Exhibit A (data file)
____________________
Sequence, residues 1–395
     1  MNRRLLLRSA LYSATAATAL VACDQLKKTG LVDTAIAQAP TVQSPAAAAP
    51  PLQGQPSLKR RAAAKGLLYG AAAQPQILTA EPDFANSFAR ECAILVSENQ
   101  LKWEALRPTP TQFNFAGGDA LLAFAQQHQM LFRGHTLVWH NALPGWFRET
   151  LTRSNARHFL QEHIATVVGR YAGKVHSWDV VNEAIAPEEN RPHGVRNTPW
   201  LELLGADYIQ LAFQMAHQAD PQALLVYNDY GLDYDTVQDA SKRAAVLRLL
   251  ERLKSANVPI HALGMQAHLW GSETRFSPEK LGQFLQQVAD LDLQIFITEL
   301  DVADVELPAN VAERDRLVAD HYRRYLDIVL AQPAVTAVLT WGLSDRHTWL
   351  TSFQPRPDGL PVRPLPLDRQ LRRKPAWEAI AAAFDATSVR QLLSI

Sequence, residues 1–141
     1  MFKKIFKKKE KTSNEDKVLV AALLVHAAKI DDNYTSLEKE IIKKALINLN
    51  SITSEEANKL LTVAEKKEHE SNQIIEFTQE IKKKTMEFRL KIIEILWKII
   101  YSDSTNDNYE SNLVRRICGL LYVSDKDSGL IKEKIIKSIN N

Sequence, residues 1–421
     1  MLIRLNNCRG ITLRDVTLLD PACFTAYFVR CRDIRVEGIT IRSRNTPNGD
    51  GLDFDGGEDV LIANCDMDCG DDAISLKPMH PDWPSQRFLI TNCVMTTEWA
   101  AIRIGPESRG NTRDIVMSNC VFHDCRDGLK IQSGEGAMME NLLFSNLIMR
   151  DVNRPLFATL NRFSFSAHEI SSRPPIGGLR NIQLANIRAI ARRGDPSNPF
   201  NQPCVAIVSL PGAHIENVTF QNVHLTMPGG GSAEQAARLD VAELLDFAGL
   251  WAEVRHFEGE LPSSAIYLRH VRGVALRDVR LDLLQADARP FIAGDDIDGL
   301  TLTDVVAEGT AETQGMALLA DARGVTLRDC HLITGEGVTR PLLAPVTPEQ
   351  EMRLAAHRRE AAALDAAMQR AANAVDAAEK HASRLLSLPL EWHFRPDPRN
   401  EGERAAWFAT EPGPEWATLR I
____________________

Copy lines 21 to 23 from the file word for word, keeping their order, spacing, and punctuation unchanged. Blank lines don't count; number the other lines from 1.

   301  TLTDVVAEGT AETQGMALLA DARGVTLRDC HLITGEGVTR PLLAPVTPEQ
   351  EMRLAAHRRE AAALDAAMQR AANAVDAAEK HASRLLSLPL EWHFRPDPRN
   401  EGERAAWFAT EPGPEWATLR I